Wednesday, March 7, 2012

Amazon RDS take two

I wrote in a previous blogpost, a few weeks ago, that we had started to migrate our MySQL databases to Amazon RDS. We have now been running this for quite a while, and so far we have not had any issues at all. The plan was to migrate even more, but this has not happened yet, as we got into another interesting migration: MongoDB to DynamoDB!

So far we have done some benchmarking, and we are pretty happy with that. DynamoDB has some interesting features, among the most interesting one is how they price it, where you pay for performance and resources used. This is not too dissimilar to what I suggested way back at a MySQL Sales conference, so maybe my head was correctly screwed on after all.

As usual, Amazon will not give much details on what they are doing, and how, but as DynamoDB is related to Cassandra, we have to assume it is an LSM-tree database. Amazon also claims that Flash / SSD storage is used for DynamoDB.

The main issue I have with DynamoDB isn't performance, I think this is an area where Amazon have done their homework. But DynamoDB is really limited in terms of functionality, there are only some simple operations available, you can have only 1 key (which may be composite, but still). There is a very limited number of datatypes, but this isn't that much of a problem for me per see (see this blog post), rather the types that are available aren't really that generic (a numeric 38-digit precsion number and a UTF-8 string), I ask where the generic variable length byte stream type is (in my mind, this is the one datatype that all databases should provide. There is hardly anything that cannot be represented as such a datatype).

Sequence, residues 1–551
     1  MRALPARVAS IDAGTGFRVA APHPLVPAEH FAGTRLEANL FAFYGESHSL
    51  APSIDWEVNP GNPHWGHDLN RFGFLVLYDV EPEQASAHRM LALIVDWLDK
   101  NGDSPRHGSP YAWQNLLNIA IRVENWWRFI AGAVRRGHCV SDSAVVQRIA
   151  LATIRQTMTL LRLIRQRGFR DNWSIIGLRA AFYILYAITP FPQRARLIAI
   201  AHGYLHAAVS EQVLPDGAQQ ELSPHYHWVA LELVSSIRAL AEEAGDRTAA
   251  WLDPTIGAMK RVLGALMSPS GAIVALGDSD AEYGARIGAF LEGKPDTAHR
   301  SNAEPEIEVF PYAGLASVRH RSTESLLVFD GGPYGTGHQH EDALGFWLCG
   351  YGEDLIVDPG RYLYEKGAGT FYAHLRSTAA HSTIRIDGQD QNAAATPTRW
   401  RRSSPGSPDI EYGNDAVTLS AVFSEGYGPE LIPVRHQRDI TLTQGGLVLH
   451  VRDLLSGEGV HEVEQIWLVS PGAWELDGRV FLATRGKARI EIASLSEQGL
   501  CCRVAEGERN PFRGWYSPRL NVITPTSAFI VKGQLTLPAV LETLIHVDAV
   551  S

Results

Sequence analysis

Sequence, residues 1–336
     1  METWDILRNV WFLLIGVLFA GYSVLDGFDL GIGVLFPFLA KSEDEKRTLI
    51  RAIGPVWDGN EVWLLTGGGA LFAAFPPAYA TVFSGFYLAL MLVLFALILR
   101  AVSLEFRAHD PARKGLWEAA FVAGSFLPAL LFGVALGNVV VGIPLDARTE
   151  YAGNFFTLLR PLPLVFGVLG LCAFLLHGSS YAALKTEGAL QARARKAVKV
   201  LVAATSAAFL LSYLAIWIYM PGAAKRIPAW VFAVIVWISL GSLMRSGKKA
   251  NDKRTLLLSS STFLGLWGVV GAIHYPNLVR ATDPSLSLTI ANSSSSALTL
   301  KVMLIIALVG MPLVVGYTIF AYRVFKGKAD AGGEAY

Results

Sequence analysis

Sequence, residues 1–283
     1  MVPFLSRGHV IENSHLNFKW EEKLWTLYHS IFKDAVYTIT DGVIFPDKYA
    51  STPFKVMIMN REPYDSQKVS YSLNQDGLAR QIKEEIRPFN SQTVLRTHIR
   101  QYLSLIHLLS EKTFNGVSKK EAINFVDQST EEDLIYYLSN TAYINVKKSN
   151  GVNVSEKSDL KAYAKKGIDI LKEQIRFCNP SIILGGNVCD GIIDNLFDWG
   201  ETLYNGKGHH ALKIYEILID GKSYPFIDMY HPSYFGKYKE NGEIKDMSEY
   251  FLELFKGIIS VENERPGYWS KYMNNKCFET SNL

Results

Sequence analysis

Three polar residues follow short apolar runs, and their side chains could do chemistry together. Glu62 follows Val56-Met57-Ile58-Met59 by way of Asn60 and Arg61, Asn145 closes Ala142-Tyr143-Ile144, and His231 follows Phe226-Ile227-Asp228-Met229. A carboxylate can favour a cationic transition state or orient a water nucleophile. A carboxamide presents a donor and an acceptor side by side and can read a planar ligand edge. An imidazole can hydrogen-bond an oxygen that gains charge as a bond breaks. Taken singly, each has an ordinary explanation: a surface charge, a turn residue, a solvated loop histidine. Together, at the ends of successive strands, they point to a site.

Anyway, when we get furrther along with our DynamoDB testing, I'll let you know.



Unknown said...

"DynamoDB is related to Cassandra"
It's actually the other way round. Dynamo development predates Cassandra's.

Justin Rovang said...

So -why- are you migrating?